Georgia, Senator, Senator Jordan discussed on Morning Edition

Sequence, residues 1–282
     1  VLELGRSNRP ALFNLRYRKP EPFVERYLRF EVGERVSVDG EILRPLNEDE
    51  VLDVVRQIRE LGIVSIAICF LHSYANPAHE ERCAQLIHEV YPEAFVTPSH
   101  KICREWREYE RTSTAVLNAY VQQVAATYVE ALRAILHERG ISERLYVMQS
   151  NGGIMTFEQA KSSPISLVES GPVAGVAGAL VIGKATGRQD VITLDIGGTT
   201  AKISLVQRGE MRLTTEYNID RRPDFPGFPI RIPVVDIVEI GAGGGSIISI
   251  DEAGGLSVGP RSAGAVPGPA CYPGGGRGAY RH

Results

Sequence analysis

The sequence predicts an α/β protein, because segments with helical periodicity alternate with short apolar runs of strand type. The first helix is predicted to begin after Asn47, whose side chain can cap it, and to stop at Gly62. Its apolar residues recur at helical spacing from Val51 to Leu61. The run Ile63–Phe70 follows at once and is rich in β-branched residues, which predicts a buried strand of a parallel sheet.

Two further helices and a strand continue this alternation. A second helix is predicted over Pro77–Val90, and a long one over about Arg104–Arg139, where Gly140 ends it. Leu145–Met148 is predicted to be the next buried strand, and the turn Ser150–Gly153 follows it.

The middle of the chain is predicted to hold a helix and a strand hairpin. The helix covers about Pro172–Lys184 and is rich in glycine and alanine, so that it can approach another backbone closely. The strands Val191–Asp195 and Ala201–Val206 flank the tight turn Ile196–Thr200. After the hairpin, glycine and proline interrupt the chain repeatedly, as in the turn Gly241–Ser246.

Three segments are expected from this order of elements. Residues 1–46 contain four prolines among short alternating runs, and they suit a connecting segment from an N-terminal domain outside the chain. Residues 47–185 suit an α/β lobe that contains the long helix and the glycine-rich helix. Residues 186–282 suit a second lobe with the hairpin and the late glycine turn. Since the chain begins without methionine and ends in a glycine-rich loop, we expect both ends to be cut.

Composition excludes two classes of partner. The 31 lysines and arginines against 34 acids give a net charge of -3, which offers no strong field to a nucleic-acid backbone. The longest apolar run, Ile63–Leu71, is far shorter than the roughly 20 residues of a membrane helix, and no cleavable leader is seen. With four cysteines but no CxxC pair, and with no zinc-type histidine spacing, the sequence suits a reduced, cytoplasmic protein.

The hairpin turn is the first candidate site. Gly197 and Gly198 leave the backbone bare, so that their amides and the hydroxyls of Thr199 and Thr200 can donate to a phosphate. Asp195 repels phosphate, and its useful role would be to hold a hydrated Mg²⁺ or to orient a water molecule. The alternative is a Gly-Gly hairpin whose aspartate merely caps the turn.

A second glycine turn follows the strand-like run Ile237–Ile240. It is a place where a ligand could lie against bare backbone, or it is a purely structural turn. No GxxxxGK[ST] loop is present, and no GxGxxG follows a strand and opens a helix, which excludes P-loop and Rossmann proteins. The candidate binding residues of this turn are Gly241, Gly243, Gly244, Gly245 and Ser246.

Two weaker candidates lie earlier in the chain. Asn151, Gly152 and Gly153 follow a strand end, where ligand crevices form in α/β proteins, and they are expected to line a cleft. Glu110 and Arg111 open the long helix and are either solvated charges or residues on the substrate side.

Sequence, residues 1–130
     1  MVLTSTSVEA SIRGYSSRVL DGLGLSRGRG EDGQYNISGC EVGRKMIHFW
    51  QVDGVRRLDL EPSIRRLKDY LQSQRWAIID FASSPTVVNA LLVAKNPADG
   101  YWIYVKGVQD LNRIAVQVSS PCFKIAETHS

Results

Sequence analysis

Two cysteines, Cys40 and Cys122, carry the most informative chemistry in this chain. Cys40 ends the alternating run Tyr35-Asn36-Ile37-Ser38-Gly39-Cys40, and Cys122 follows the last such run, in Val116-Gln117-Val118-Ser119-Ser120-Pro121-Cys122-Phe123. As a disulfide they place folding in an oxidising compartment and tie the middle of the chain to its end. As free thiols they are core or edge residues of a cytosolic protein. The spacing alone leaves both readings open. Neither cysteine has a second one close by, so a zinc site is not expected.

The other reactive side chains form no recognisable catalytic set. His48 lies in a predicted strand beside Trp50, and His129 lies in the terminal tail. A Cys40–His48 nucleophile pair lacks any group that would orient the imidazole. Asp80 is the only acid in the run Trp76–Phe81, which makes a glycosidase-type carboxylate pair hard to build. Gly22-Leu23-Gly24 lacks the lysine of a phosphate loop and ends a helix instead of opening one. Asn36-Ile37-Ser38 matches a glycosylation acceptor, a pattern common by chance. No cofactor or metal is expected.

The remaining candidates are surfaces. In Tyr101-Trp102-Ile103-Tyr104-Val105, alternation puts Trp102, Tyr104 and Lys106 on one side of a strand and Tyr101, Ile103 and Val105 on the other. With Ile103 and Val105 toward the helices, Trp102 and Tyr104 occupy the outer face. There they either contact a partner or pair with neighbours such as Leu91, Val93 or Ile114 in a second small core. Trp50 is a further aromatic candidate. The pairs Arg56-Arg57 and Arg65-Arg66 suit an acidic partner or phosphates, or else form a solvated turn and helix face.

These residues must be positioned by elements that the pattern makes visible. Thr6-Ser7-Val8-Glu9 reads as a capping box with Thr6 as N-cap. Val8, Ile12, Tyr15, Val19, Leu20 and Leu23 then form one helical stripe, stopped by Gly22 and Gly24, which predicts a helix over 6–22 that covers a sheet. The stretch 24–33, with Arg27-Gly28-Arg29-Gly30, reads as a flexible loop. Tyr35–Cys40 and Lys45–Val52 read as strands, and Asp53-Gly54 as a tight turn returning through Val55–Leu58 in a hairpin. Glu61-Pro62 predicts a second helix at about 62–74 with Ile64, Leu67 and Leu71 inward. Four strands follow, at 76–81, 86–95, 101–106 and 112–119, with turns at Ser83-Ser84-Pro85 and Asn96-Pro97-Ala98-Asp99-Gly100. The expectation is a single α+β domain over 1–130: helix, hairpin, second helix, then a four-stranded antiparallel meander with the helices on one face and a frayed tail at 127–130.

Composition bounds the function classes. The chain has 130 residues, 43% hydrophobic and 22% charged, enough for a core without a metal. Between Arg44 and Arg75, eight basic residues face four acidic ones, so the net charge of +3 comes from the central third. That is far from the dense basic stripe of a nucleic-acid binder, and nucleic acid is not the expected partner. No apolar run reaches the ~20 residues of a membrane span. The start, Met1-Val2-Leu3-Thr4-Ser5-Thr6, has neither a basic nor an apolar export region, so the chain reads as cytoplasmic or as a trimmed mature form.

Edition from NPR news. I'm Rachel Martin. And I'm Steve Inskeep. Georgia lawmakers narrowly passed a Bill that would make abortion illegal as soon as a heartbeat is detected governor Brian Kemp is expected to sign it. The opponents include democratic state Senator, Jennifer, Jordan. No matter my faith, my beliefs. My losses. I have never ever stray from the basic principle that each woman each woman must be able to make her decisions in consultation with her body and her family Senator Jordan joins us now on the line. Good morning. Welcome to the program. Good morning. I want to get right to it. By noting the billboards that I have seen that many people have seen all over the country, including I think on Georgia highway billboards that say abortion stops, a beating heart. How do you answer people for whom that is the governing governing idea? You know, it's it's difficult. And it was one of the reasons why this debate is so difficult because if you have people who don't believe kind of in the same set of facts. It's really hard to debate it, and that's why it was kind of important with respect to my own experience to try to say, it's not true. You say your own experience. What was your experience? Senator. Well, I've had multiple miscarriages after having sane fetal cardiac activity on ultrasound. And so, and that's basically what the Bill does here is that when a woman or when a fetus, it's capable of fatal cardiac activity being detected, which is about five point five to six weeks pregnant that at that point in time that fetus is considered for all for all purposes under Georgia law a full citizen of the state of Georgia. And does that mean that as you understand it, there could be criminal consequences of some kind? Should there be not a United an abortion? But a miscarriage of the kind that you experienced. Yeah. Absolutely. I mean it, and there is some case law in the state that has talked about the criminalization of abortion. With respect to women and how every miscarriage could be investigated. I mean, it could be just you. You're not taking care of yourself properly. So somehow, you're criminally negligent, maybe you are drinking, maybe you're smoking. And then you have a miscarriage, and then you're subject to prosecution in the state did Republicans respond to that argument at all. Did they agree? Yeah. That's we want to do with this Bill. You know, it's one of those things when nobody ever responded to that. I did a pretty significant analysis going back in terms of the law in the statutory language. And it's clear that the intent of this wall is to criminalize women which goes much further than any law in the country. I mean, the whole idea that as soon as the woman is able to detect that she's pregnant which is at about five point five weeks in terms of a pregnancy test that at that point in time her body doesn't belong to her anymore and and belongs to the state of Georgia. I mean that is clearly exactly what they intended here. I mean, they even put an affirmative defense for prosecution in for women when you see that. There can be no doubt that this was directed toward, you know, you know, subjecting women to prosecution if and when they did anything that may result in a loss. President Senator do you view this as a direct challenge to Rovers? Versus Wade, of course, which protects generally abortions in the first two trimesters. Yeah. I mean, the authors the sponsor even the governor has indicated that this is exactly what it is. I mean, it is intended to be outrageous. It's intended to be stopped in the courts, and then to go up to the supreme court because that's exactly what they wanna do. They want to overturn Roe. But the problem is is that the implications. Go far beyond abortion, this affects every decision that women making their lives and basically relegates us in Georgia. At least the women to second basically, kind of not fully adult humans responsible for our own. Choices citizens Senator thank you so much. Thank you. That state. Senator Jennifer, Jordan and Georgia. Nearly five years ago. A white police officer in Ferguson, Missouri shot and killed the black eighteen year old named Michael Brown Brown's mother Lesley McFadden is now running for a seat on the Ferguson city council in an election tomorrow. Here's Rachel Lipman from Saint Louis public radio the council looks much different than it did in August two thousand fourteen back then there was just one black councilman in this city that is majority black. The mayor was also white jeans Knowles is still in office. But the six person council now has three black and white members. It's a huge shift. And if mixed baton wins, the board would have a black majority for the first time on the day. She announced last August supporters called the decision historic. She outlined three priorities. She wanted to focus on its community policy. Yes. Economic equality. Yeah. And access to healthcare for all of Ferguson's young children. Everyday people the council plays a critical role in monitoring how well the city is doing at making those mandated reforms it's a task mixed bad says she's more than up to and I've been kind of watching them with like an eagles is to make sure that they comply with the consent decree that was put in place, and that we never have a repeat of August ninth likely has the best name recognition of the three candidates running in the third ward. But for some residents like LaTasha Brown that's not enough. The mouse kind of thing did I heard were issue realm is not related to Michael Brown. She lives in the apartment complex where he was shot and killed and walks past his memorial every day. She is also an advocate for the residents of Ferguson's five large apartment complexes. She's not involved. She's nine engage with the community. Police community's problem is we weren't engaged with with CD politics. We didn't know well this one or how decisions were made. I ran Griffin one of mixed fans. Opponents also argues that the third ward needs a stronger advocate. It's the city's poorest, and though it's overwhelmingly black. It did not elect a black council member until two thousand fifteen. There are a lot of plans that are coming down the pipeline at this point. And my concern is that the people in the communities voices will be heard if we don't have proper representation on that board Griffin and McFadden are challenging the incumbent Keith Kallstrom Kallstrom who was white has been on the council for sixteen of the last twenty-five years. He defends his record of representing the community. I want to get it. Right. I want to be fair for everybody. Not just one race or another race Griffin. And Kallstrom say they're campaigning for the seat not running against McFadden, although both openly question if she's qualified mixed Madden has a very simple response. If a mother had to watch her son Atlanta street for four and a half hours and watch a community be completely disrespected by elected officials that we elected. Well, would you stand up and you were fighting when I'm elected she.